Consumers could help end lionfish invasion in the Gulf

Consumers could help end lionfish invasion in the Gulf

GULF OF MEXICO (WLOX) - It's considered one of the most aggressive invasive species and has no natural predators in the Gulf of Mexico. Lionfish are a nuisance in the Gulf, but they are also excellent table fare.

South Mississippi restaurateur Rob Stinson had to get special permission from the Mississippi Department of Marine Resources to serve the fish in his coast restaurants.

"Just to make this happen, I called directly through to the Department of Marine Resources. Jamie Miller was nice enough to entertain the idea," said Stinson. "They know the importance of getting rid of this fish."

Stinson, said he is serving the fish in his restaurants to gain feedback from consumers. He believes if restaurants can create a market for this nuisance species, we may be able to get rid of the lionfish problem once and for all.

Stinson stopped by the WLOX News Now studio Tuesday morning to bring us a sample of the fish. He compares the flavor to "the finest" grouper.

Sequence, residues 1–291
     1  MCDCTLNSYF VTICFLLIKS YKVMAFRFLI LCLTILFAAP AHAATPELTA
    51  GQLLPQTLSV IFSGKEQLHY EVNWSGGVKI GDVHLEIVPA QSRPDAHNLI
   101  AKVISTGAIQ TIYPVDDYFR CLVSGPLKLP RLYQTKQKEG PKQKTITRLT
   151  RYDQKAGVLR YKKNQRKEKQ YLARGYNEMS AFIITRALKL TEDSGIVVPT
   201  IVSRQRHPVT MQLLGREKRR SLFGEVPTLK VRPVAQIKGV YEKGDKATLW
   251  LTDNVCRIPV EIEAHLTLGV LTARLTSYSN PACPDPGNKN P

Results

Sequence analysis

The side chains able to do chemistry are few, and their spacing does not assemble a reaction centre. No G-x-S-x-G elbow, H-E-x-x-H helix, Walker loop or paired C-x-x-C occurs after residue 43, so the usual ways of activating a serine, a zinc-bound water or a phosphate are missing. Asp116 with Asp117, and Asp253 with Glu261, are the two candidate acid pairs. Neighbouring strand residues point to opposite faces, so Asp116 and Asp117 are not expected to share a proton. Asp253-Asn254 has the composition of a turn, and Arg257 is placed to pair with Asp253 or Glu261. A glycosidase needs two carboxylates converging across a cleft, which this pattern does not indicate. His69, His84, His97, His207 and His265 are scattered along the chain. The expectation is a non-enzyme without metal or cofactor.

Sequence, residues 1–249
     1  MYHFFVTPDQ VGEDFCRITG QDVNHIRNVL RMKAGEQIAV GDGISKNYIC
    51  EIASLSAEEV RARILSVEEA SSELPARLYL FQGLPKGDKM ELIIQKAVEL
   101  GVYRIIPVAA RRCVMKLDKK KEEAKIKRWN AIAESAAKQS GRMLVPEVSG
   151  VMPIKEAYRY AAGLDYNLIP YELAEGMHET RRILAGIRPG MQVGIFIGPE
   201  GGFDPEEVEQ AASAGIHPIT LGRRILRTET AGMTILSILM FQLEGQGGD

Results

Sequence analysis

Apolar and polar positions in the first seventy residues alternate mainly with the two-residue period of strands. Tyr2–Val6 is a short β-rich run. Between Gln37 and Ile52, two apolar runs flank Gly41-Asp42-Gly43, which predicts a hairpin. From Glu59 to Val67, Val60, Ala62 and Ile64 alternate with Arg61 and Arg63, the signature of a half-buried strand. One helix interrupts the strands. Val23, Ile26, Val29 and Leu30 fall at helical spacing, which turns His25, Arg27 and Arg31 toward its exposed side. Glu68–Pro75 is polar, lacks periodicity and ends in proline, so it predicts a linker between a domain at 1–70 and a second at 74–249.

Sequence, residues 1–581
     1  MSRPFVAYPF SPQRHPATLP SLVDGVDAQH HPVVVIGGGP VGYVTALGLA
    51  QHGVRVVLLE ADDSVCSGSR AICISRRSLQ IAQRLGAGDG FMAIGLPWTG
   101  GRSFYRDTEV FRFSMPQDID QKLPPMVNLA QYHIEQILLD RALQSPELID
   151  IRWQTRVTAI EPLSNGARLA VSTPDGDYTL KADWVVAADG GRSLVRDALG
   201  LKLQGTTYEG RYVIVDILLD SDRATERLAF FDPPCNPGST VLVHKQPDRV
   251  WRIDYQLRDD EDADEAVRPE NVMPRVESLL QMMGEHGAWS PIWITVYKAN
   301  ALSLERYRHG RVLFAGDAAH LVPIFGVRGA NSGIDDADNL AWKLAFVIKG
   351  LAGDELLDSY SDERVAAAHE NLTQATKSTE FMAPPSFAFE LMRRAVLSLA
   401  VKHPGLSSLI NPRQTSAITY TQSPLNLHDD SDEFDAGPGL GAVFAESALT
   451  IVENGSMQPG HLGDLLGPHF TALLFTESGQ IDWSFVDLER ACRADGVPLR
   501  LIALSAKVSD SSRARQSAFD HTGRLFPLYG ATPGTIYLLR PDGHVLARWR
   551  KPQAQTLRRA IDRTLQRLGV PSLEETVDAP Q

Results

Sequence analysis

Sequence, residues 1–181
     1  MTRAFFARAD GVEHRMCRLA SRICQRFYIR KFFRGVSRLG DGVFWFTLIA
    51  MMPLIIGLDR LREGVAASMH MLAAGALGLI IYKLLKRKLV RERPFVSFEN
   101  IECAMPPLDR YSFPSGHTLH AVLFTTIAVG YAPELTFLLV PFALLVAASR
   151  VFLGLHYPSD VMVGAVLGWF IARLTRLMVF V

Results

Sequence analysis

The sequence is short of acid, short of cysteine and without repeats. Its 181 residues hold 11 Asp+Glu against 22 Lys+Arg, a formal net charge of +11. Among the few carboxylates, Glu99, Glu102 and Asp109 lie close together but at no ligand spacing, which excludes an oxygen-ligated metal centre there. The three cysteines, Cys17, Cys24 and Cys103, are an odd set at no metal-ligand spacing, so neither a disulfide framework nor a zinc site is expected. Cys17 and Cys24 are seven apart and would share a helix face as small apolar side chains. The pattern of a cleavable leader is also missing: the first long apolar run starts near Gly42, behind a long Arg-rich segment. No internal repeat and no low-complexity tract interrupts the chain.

According to the Gulf Coast Lionfish Coalition, aquarium owners introduced the lionfish to waters off southeast Florida in the 1980s. By 2010, the invasive species started appearing in the Gulf of Mexico, and the fish are now well established in the region.

Lionfish can wreak havoc on local fisheries, because they are known to eat native fish and crustaceans at an alarming rate, according to the GCLC.

They are also difficult to catch using traditional hook and line fishing methods, so many anglers spear fish to catch lionfish. Several states offer bounties for the invasive species.

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